Letter to the editor: Details on the Clintons | TribLIVE.com
Letters to the Editor

Letter to the editor: Details on the Clintons

There is speculation that Hillary Clinton will run again for president. That would definitely liven up the contest. She has the strong support of her husband, and she has many loyal followers who suffered extreme mental anguish when she lost the last election.

It would seem prudent and timely to examine a few details regarding the Clintons which surfaced and quickly disappeared in the news when they happened.

Nov. 19, 1993: President Clinton allowed the sale of a “super computer” to the communist Chinese and called it a goodwill gesture, allowing the Chinese to access the most advanced computer technology without having to spy to get it.

May 11, 1999: President Clinton approved the transfer of our most advanced missile guidance technology to the communist Chinese, essentially wiping out any strategic advantage the United States had.

April 23, 2015: According to a New York Times article headlined “Cash Flowed to Clinton Foundation Amid Russian Uranium Deal,” tens of millions of dollars flowed into the Clinton Foundation following the sale of 20 percent of the U.S. uranium reserves to the Russians.

Nov. 2, 2017: Vanity Fair published an article titled “Donna Brazile Says She Has ‘Proof’ Clinton Rigged The Primary Against Sanders.”

Joseph Krill


TribLIVE commenting policy

You are solely responsible for your comments and by using TribLive.com you agree to our Terms of Service.

We moderate comments. Our goal is to provide substantive commentary for a general readership. By screening submissions, we provide a space where readers can share intelligent and informed commentary that enhances the quality of our news and information.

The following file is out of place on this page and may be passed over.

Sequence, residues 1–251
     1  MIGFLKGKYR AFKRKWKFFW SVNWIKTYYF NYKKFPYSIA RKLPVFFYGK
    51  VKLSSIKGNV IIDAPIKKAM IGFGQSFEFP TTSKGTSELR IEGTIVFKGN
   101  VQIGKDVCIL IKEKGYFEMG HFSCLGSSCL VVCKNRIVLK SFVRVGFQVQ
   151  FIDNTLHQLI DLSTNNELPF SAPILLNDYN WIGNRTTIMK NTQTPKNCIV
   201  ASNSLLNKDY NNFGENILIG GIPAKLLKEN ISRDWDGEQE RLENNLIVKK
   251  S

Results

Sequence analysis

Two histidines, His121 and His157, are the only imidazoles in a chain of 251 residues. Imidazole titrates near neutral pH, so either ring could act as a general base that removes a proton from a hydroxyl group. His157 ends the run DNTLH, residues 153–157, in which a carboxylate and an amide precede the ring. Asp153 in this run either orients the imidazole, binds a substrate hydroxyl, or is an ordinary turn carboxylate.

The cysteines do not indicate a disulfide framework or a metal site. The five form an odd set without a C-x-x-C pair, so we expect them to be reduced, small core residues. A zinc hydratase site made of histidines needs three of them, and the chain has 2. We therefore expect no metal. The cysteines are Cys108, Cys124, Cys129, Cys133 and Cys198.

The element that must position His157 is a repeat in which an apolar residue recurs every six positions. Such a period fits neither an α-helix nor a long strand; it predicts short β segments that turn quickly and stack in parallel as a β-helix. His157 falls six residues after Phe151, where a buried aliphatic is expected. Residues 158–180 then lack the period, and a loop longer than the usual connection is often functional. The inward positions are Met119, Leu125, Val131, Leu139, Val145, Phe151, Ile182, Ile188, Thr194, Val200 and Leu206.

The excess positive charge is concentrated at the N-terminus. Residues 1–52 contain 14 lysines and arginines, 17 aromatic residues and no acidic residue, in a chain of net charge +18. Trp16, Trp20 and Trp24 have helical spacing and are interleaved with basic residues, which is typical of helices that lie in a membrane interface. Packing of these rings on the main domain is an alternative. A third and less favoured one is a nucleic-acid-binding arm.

While most comments will be posted if they are on-topic and not abusive, moderating decisions are subjective. We will make them as carefully and consistently as we can. Because of the volume of reader comments, we cannot review individual moderation decisions with readers.

We value thoughtful comments representing a range of views that make their point quickly and politely. We make an effort to protect discussions from repeated comments either by the same reader or different readers

We follow the same standards for taste as the daily newspaper. A few things we won't tolerate: personal attacks, obscenity, vulgarity, profanity (including expletives and letters followed by dashes), commercial promotion, impersonations, incoherence, proselytizing and SHOUTING. Don't include URLs to Web sites.

We do not edit comments. They are either approved or deleted. We reserve the right to edit a comment that is quoted or excerpted in an article. In this case, we may fix spelling and punctuation.

We welcome strong opinions and criticism of our work, but we don't want comments to become bogged down with discussions of our policies and we will moderate accordingly.

We appreciate it when readers and people quoted in articles or blog posts point out errors of fact or emphasis and will investigate all assertions. But these suggestions should be sent via e-mail. To avoid distracting other readers, we won't publish comments that suggest a correction. Instead, corrections will be made in a blog post or in an article.